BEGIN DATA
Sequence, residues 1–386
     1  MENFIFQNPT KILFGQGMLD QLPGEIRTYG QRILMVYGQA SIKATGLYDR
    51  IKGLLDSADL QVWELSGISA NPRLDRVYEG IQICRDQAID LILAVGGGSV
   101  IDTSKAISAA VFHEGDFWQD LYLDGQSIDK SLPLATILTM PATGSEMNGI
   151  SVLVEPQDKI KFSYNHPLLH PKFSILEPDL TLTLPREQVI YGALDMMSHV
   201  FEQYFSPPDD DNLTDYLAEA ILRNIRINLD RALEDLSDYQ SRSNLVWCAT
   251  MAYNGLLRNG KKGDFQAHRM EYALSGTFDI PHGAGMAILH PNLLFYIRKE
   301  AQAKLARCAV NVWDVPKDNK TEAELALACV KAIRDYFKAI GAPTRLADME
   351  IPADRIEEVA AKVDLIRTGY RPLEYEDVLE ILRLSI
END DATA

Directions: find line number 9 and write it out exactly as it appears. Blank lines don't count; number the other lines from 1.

   351  IPADRIEEVA AKVDLIRTGY RPLEYEDVLE ILRLSI